Image: ©Andy Smith. IRL to URL. Baltic Centre for Contemporary Art, Gateshead.

Blog Post: IRL to URL

15 January 2018

Image: ©Andy Smith. IRL to URL. Baltic Centre for Contemporary Art, Gateshead.

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Blog Post: IRL to URL

Sat in front of a large projection screen, the words “IRL to URL” hovered atop a vast background of ‘chroma key’ green. A colour synonymous with the dubious relationship between digital simulation and real life, it both excites, due to its endless simulative possibilities, and produces an air of anxiety and scepticism around the fictions it casts. Situated within a 'post-truth' era and within an auditorium of those ready to discuss the role digital technologies play in contemporary art, sitting within its green glow seemed fitting.

Rupturing the logic of the green screen, and placing us firmly in the here-and-now, the panel discussion subsequently kicked off. Cropping the many different definitions of ‘the digital’, the panel, (Beryl Graham, Heather Corcoran, Emily Mulenga and Ben Vickers) scrolled through the heterogeneity of the internet experience, and discussed the difficulties of web-based or browser-based art. As Heather Corcoran inserted, while we jump “from business to leisure to sex to boredom”, if “we’ve all just got up from our computer [and] we’re coming to a gallery to have a different kind of experience”, how might net-art works fit within the rhythm of the bricks-and-mortar gallery model? Ultimately, and in light of the event, I think the answer to this question still remains yet to be answered, and requires continued discussion and experimentation from artists, curators, academics, critics, lecturers, technicians, computer programmers and gallery-goers (the list goes on).

Considering the current state of digital technologies, the illustration of the alchemist in his workshop was cut and paste alongside the example of Steve Jobs in his garage. Ben Vickers proposed that if the figure of the alchemist is ‘conjuring’ things into the world, these technologies which are being produced are in fact grounded in our reality, rather than existing in another. This is possibly why things such as ‘fake news’ have emerged as unwanted, dangerous pop-ups within everyday life, because reality is becoming an increasingly contested ground. With this in mind, when splitting up into smaller groups, to discuss how these ideas and problems might surface in our own, individual practices, our thoughts turned to distribution; skill; authorship, and whether or not artworks needed to be grounded in an object or concrete form to provide commercial viability.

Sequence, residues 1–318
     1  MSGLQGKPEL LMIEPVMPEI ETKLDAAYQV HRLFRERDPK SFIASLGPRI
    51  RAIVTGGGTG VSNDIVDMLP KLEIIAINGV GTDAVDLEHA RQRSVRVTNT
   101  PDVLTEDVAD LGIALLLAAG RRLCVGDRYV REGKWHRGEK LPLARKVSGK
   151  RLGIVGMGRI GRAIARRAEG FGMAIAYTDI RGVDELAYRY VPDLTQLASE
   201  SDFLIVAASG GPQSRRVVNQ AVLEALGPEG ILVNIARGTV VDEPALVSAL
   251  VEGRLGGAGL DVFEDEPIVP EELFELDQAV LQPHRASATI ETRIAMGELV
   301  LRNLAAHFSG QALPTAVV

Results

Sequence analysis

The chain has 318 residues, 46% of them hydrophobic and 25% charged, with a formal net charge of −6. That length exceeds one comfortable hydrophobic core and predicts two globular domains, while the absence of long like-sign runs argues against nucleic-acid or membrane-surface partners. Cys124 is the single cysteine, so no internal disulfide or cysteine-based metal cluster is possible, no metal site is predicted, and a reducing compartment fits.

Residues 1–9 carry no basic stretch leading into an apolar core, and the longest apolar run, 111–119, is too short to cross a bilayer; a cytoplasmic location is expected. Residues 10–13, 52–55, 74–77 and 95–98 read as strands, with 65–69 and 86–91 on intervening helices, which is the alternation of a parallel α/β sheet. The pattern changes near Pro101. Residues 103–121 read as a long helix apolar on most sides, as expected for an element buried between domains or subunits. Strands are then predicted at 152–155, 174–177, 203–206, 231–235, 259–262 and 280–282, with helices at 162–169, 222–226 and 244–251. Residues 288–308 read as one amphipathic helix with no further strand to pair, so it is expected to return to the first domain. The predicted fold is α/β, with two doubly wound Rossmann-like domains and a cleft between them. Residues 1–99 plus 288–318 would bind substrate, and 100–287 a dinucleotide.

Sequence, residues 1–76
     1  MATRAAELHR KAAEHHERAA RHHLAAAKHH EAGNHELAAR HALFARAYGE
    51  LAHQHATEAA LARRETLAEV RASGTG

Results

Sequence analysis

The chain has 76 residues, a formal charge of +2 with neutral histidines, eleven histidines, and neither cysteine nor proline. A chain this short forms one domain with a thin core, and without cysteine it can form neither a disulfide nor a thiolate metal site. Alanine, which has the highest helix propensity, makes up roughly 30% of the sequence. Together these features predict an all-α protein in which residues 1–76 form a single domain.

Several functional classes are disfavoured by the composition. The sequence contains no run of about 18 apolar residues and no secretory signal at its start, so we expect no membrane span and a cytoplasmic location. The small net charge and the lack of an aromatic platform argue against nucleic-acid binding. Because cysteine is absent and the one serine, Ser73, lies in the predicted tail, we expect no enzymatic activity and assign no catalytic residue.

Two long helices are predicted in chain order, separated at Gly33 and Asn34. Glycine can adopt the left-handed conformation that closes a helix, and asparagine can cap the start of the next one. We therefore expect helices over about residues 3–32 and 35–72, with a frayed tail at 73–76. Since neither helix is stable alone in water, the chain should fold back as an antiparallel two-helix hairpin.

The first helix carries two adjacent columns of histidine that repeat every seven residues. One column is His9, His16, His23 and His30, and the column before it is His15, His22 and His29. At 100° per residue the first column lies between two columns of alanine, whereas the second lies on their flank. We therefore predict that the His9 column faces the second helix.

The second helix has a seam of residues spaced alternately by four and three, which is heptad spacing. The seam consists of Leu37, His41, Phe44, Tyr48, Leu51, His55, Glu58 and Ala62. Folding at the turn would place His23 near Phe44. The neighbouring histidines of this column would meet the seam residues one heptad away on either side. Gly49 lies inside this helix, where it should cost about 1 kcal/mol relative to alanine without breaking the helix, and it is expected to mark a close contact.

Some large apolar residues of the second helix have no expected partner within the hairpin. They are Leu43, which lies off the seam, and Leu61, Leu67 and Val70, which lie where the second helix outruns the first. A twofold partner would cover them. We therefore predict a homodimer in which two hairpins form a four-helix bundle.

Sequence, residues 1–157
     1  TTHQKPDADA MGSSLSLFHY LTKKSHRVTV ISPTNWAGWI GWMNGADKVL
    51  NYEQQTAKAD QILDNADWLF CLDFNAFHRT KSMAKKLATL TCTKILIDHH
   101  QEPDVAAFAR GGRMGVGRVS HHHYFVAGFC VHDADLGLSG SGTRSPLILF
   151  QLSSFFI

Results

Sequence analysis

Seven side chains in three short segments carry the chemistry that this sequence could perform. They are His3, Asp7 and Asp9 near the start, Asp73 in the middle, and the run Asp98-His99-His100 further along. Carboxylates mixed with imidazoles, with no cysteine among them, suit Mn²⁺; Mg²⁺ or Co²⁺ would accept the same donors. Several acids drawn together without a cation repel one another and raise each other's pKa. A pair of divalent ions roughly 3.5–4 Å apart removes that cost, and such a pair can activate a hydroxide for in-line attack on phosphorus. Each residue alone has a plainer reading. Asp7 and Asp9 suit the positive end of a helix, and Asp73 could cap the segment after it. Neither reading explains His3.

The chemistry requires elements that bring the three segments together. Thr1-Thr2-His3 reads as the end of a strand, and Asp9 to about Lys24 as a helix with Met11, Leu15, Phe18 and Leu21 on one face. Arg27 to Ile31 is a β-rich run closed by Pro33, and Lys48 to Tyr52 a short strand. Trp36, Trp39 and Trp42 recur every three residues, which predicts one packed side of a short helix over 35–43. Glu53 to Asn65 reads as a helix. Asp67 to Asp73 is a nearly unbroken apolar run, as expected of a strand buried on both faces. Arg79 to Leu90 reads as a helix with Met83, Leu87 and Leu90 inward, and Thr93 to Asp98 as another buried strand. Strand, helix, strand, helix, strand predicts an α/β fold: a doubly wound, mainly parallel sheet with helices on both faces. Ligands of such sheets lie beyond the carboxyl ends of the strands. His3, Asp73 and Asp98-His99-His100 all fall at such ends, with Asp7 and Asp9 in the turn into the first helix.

In the afternoon, when discussing peer mentoring with artist Chloe Cooper and ArtQuest a “leave the schmoozing at the door” system was adopted. After discussing what might constitute a ‘safe space’; whether or not a space of safety is one of productivity; and what methods of feedback and development we might find most effective, we tested Liz Lerman's ‘Critical Response Process’. By assuming the rolls of artist and responders, each group followed the ‘statement, question, question, opinion’ structure, whilst being restricted by timings and content. This fixed framework proved impossibly difficult to stick to, due to its regimented nature, but very useful as a strategy for considering what approaches might work for individual practices. (See here for the forthcoming peer mentoring session with Chloe Cooper and ArtQuest)

Opening Saturday with a practical advice session between David Blandy and Steve Fletcher, Blandy began with his film, ‘Tutorial’ (2016). Using the style of the YouTube tutorial, Blandy discusses where “the singular idea comes from”. This was followed by a presentation about life after art school, and developing a sustainable practice. Fletcher then continued to browse the practicalities of copyright, editioning, selling, marketing and distributing work. The discussion was followed by a question and answer session with Blandy and Fletcher, and an opportunity to receive feedback on any practical issues or intrigue, (or to hash out critique of the art market structure).

To finish the day, Nicola Singh and Mark Garrett each hosted a workshop group. Garrett addressed the practicalities of presenting oneself as an artist, and artwork online, considering what to conceal, and to reveal of our practices. Nicola Singh unsubscribed from the routine symposium/workshop style, in addressing how to write about our individual practices. By prompting us to mindfully consider the voices of those around us, we attempted to cache a list of verbs to describe what writing can do in relation to a practice (examples: ‘engender’, ‘sex-up’, ‘explain’, ‘support’, ‘disguise’). Once a big-data list was compiled, we rendered a selection of the words into forms in play-dough. By linking the word to a shape, it allowed for an opportunity to grapple with the analogue physicality of a virtual concept.

IRL to URL, in its diverse mix of speakers and approaches towards ‘the virtual’, not only considered how digital technologies might shape and distribute contemporary practices online, but also how we might continue to think digitally within the analogue world.


by Sophie Bownes